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Holiday Streams: The 2020 SFCV Holiday Music Guide

December 1, 2020

Santa will be delivering presents to doorsteps instead of slipping down chimneys. The Hanukkah lamps will have to burn in the temples for nine days instead of eight because oil suppliers are backlogged with orders. And the Whos down in Whoville will not join hands to sing “Fa-who-fores,” instead meeting each other on over 200 separately recorded calls using a low-latency internet app and expert sound-mixing. On the plus side, Covid is putting a crimp in the Krampus’s plans.

Yes, the holiday season will be a little different this year, but it will not be without music. Everybody in the arts industry has had to pull in their horns but that does not mean no horns will be blown. And as long as that happens, SFCV will be there to share it with you. Forthwith, and without further delay, we present our 2020 holiday music guide.

Orchestras, Nutcrackers, and More

San Francisco Symphony

The orchestra’s annual “Deck the Hall” concert has been downsized to 16 instrumentalists (and one accordionist), 12 choristers (plus the San Francisco Boys Choir), and no live audience members. Conducted by Daniel Stewart, hosted by Daniel Bartholomew-Poyser, and narrated by Raj Mathai, the concert will be televised by NBC Bay Area on Dec. 5 and 19, and by Telemundo 48 on Dec. 6, plus available online.

California Symphony

The “Season in Song” concert, livestreamed and on Walnut Creek TV on Dec. 12 at 7 p.m., boasts two superior vocalists, Kelley O’Connor and Nicholas Phan. Accompanied by the orchestra’s brass quintet, the concert includes a few rarities in among the favorites and, like most of the concerts listed here, lasts only about an hour.

Merola Opera Program

“A Very Merola Holiday Recital” streams from the program’s website on Dec. 12 and features several recent graduates, all of whom were launching prominent careers when the pandemic hit.

Opera San José

Jake Heggie’s Three Decembers, based on an unpublished Terrance McNally play, only partially qualifies as holiday fare, but what the hey. Starring Susan Graham, it’s a big deal.

San Francisco Ballet

Immutable natural law decrees that in December there must be Tchaikovsky’s Nutcracker. SF Ballet provides it this year with Nutcracker Online, which features a high-definition stream of the 2008 KQED broadcast of Helgi Tomasson’s production and ancillary activities for the family.

Smuin Ballet

Smuin Ballet is streaming a virtual version of The Christmas Ballet this year. There are a lot of holiday-themed items in this mélange, but there are also a bunch of premieres and recent work from Amy Seiwert, Cassidy Isaacson, and others. There are three separate programs playing Dec. 11–24.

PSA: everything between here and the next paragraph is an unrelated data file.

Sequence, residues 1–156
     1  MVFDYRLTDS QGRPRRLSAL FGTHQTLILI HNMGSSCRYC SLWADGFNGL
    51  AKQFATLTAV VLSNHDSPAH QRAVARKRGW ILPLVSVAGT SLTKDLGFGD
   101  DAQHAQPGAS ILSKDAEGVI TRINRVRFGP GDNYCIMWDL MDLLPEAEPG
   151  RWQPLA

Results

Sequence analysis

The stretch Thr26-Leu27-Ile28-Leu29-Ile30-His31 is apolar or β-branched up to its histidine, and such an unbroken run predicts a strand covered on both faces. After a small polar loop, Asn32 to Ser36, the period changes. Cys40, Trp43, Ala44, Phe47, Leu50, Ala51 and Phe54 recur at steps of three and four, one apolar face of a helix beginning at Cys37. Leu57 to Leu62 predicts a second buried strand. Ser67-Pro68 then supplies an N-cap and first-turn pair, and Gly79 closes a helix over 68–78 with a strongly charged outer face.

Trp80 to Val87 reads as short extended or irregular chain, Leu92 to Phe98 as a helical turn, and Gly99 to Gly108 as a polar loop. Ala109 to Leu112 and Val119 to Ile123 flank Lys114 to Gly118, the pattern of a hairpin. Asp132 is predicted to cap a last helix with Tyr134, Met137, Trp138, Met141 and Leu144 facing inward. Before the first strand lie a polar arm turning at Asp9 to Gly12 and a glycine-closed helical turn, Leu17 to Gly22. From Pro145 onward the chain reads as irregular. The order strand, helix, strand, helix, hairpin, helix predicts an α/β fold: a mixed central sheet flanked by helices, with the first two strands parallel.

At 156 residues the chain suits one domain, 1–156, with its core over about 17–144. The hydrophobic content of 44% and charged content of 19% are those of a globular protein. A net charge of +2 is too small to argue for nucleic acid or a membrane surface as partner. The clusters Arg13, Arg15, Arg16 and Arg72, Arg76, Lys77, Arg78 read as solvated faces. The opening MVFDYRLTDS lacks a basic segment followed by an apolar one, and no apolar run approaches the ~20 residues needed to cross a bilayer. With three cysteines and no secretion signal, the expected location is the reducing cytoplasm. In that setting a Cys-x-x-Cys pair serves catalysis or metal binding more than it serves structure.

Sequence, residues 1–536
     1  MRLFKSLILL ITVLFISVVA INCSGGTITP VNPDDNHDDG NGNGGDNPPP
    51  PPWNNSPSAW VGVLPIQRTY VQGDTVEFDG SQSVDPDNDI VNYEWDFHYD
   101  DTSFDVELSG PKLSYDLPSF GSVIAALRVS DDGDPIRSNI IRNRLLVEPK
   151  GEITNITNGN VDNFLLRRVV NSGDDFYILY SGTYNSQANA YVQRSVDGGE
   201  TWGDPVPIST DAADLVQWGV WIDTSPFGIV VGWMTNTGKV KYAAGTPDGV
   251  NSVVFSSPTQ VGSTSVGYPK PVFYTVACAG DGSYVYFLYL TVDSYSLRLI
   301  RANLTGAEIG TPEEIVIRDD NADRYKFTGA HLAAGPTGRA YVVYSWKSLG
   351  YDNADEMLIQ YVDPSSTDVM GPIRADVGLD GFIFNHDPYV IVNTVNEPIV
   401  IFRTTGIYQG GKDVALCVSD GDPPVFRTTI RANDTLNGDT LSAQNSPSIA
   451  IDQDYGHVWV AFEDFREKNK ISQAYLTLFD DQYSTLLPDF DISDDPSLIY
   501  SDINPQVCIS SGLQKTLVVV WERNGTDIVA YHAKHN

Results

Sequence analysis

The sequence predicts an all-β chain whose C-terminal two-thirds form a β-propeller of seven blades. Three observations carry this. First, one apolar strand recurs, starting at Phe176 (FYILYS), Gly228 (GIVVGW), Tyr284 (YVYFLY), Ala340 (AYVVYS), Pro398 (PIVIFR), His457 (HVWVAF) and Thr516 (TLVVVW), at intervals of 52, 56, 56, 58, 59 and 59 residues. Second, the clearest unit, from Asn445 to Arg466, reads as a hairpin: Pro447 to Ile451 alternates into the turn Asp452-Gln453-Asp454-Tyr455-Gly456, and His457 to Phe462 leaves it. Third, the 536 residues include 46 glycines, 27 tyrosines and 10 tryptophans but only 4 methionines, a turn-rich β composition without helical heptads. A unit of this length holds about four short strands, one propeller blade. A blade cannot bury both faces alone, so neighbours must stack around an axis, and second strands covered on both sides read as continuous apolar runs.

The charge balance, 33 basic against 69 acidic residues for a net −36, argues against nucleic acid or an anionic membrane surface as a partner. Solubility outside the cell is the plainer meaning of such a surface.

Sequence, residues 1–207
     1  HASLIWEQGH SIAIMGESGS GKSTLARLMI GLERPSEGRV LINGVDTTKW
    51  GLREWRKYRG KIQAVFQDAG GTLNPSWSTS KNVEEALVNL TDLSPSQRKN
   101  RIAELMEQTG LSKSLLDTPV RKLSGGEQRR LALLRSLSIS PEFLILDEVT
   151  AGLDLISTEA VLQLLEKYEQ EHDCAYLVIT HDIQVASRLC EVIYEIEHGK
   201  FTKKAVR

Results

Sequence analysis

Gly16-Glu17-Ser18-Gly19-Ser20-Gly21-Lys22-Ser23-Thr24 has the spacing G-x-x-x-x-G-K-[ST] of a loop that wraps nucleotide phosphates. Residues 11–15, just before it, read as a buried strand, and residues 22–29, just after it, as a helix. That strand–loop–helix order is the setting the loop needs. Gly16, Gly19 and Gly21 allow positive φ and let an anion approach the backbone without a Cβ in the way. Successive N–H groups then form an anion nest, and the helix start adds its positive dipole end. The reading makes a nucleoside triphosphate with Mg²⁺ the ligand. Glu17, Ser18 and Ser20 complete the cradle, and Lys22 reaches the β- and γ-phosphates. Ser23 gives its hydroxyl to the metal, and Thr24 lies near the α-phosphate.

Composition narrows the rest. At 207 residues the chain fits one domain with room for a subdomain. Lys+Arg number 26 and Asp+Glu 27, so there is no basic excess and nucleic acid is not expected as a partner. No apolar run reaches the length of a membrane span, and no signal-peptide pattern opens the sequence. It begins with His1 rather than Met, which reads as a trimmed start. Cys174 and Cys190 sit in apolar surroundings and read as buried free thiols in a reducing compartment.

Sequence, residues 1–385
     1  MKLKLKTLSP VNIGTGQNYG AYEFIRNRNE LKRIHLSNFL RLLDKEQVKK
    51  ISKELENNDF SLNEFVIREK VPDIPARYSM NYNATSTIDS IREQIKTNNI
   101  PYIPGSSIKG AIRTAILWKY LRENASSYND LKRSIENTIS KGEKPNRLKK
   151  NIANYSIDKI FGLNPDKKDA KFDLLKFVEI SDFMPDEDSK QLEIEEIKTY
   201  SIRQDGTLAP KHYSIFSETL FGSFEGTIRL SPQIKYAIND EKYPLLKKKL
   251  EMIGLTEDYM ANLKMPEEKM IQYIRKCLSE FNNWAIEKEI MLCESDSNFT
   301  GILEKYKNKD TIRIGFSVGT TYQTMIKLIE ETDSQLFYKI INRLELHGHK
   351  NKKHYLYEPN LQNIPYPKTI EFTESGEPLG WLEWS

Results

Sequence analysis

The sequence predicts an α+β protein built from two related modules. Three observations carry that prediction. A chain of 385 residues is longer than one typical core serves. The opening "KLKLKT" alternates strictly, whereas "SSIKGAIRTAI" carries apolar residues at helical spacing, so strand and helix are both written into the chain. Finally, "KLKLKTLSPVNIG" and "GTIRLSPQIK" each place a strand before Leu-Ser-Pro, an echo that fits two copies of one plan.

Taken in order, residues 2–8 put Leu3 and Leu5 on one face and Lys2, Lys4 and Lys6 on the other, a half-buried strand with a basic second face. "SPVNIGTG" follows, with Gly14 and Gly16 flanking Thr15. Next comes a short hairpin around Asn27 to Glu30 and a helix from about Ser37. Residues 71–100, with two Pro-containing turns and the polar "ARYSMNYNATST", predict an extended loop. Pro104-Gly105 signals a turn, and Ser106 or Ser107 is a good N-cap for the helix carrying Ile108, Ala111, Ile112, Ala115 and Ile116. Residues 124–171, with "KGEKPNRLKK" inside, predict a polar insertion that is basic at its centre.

SF Lesbian/Gay Freedom Band

The Dance-Along Nutcracker is the only title in this list to be trademarked. What is it? “Each year, the San Francisco Lesbian/Gay Freedom Band blends Tchaikovsky’s classic The Nutcracker ballet with an entertaining theme. The talented cast sings and dances their way through a parody version of The Nutcracker. And when the “Dance Along!” sign flashes, the audience is invited to put on their tutus and sashay along with the cast.” It’s not hard to guess what this year’s theme will be. The performance streams on Dec. 12–13.

Cal Performances

Cal Performances has planned a gala New Year’s Eve musical celebration which involves music from all of the artists presented in the fall At Home series. Thursday, December 31 at 2 a.m. (PST) until Saturday, January 2 at 4 a.m. (PST).

Festival Napa Valley

“Songs of Gratitude” streams on Dec. 5 at 6 p.m. and “features performances by pianist Audrey Vardanega, the Friction String Quartet, opera singers Kelley O’Connor, Nicholas Phan and Lisa Delan, traditional Mexican roots folk ensemble Los Cenzontles, Jookin’ dancer Ron “Prime Tyme” Myles, cellists Matt Haimovitz and Starla Breshears, and chanteuse and harpist Lucinda Belle, along with a remote vocal ensemble featuring the talents of Napa County high school choristers.”

Stanford Live

2017 MacArthur Award-winner Taylor Mac performs Holiday Sauce … Pandemic! at 7 p.m. on Dec. 12, online. It’s described as “blend[ing] music, film, burlesque, and random acts of fabulousness to reframe the songs you love.

Old First Concerts — Golden Bough

Celtic roots musicians Margie Butler, Paul Espinoza and Kathy Sierra accompany themselves on a variety of traditional instruments in a set of rare Celtic winter songs and some well-known carols. The concert streams Dec. 20 at 4 p.m.

California Revels

The 35th annual Christmas Revels, Unruly Magic: A Spirited Celebration of the Winter Solstice, will be online Dec. 12–13 at 1 p.m., Dec. 18 at 7 p.m., and Dec. 19–20 at 1 and 5 p.m. Blending archival footage with newly-filmed pieces, this year’s edition will include favorites such as Abbots Bromley Horn Dance, a reading of “The Shortest Day,” Lord of the Dance, and Sussex Mummers’ Carol, as well as a fair number of local roots musicians.

Luther Burbank Center for the Arts